For the second consecutive game, the Hurricanes came close to winning the road game needed to return home with a chance to finish the series at home in five games. For the second consecutive game, the Hurricanes fell short after pushing the game into a second overtime.
I thought Sunday’s loss was different in the sense that the Hurricanes were the better team with more chances for most of the game with two critical exceptions. First, the Hurricanes had too many big ‘oopses’ of the variety that lead directly to a goal against. Second, I thought the overtime was more even than the regulation portion of the game.
In regulation, the Hurricanes had the advantage by every statistical measure except the scoreboard. The team had roughly a 2 to 1 advantage in terms of shots, shots on goal and scoring chances but were still stuck in an even game for two reasons. First, the Canes made too many costly errors. Second, Juuse Saros played his best game of the series.
Nashville scored first when Dougie Hamilton turned the puck over by putting it on a Predators’ stick when the Hurricanes were changing lines. The result was a quick transition that saw Brett Pesce and Brady Skjei try unsuccessfully to scramble into position. When the puck got behind them Luke Kunin was in alone and beat Alex Nedeljkovic.
The oddest of the ‘oopses’ was the Predators second goal. Nedeljkovic had the puck and then all of a sudden did not. The replay shows Hamilton, who should have been that overcautious player there with his stick ready to push the puck back to the goalie, skating away. The far side of the screen also has Jake Bean and I believe Brock McGinn (cannot tell for sure on second player) doing the same thing. When the puck popped loose it was an easy goal for the Predators.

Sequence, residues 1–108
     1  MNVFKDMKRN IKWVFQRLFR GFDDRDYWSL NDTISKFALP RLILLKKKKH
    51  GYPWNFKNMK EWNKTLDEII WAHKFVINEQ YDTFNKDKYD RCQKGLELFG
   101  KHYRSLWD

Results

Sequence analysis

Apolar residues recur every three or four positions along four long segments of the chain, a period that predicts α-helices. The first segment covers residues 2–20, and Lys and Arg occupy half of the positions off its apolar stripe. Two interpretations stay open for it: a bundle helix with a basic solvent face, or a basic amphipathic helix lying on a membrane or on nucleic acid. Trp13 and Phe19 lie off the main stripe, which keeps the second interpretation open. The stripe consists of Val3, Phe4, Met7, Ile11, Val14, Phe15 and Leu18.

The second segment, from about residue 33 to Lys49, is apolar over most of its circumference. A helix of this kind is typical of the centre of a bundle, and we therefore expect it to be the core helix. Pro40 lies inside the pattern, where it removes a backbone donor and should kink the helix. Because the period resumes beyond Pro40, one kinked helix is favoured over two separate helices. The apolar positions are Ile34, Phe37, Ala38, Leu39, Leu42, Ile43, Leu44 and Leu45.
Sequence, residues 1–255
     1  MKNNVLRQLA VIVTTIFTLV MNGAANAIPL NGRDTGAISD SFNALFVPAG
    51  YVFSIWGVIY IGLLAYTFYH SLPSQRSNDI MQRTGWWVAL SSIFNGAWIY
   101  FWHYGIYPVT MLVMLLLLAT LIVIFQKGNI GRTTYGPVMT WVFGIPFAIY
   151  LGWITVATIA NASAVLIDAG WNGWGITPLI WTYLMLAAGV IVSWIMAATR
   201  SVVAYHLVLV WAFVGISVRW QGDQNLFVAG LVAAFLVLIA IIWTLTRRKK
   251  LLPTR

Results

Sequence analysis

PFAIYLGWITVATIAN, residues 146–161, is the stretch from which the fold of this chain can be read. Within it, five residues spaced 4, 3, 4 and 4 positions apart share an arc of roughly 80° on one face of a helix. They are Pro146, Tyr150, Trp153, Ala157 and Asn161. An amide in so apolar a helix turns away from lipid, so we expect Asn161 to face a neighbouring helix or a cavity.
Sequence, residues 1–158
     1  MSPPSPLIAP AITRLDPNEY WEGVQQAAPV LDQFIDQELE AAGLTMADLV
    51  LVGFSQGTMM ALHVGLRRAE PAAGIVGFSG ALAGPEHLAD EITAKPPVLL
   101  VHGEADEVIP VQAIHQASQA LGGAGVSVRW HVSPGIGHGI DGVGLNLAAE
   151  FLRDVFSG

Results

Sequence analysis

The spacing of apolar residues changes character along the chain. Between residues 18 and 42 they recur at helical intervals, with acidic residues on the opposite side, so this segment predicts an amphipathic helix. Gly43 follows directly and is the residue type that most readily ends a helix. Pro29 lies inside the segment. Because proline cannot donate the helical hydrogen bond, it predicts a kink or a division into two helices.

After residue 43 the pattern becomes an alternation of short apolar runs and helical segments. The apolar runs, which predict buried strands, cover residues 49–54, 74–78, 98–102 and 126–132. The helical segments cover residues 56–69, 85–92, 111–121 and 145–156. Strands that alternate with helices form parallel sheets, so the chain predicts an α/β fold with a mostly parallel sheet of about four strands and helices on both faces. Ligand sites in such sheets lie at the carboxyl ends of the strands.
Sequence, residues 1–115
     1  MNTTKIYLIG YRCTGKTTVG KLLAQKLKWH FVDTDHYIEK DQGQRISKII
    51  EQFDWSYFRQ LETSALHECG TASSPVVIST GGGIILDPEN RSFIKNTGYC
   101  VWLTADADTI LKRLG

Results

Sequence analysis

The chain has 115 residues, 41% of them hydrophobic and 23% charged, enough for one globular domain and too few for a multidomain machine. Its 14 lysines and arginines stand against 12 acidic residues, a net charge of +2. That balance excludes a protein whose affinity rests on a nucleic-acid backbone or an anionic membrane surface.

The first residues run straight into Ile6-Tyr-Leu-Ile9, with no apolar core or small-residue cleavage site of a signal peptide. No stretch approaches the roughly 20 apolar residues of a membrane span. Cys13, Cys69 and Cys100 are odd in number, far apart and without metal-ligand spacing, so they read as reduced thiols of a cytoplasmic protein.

Then finally in overtime Hamilton was front and center again when he maybe guessed on a pass around the boards. When the puck did not go that way, Hamilton was caught defending no one as he circled the net while the Predators quickly capitalized with a centering pass to the scorer who Hamilton should have been defending.
The loss was a bitter pill to swallow because the Hurricanes mostly outplayed the Predators for large sections of regulation before a more even trade of chances in overtime.
Player and other notes
1) Easier road now gone
The Hurricanes arrived in Nashville really just needing to win one of two games to carve a path to a somewhat easy first round win and avoid early adversity. After consecutive losses, anything easy has evaporated into thin air. At a bare minimum, the Hurricanes will now need to travel to Nashville again and play at least six games.
2) Dougie Hamilton
After games three and four, I think Hamilton is now the single biggest key to how the series ends. He has struggled in general in the series and put an even bigger exclamation point on that in Sunday’s loss. Whether he continues to sink or gets fired up and rebounds could determine how the series ends.
3) Alex Nedeljkovic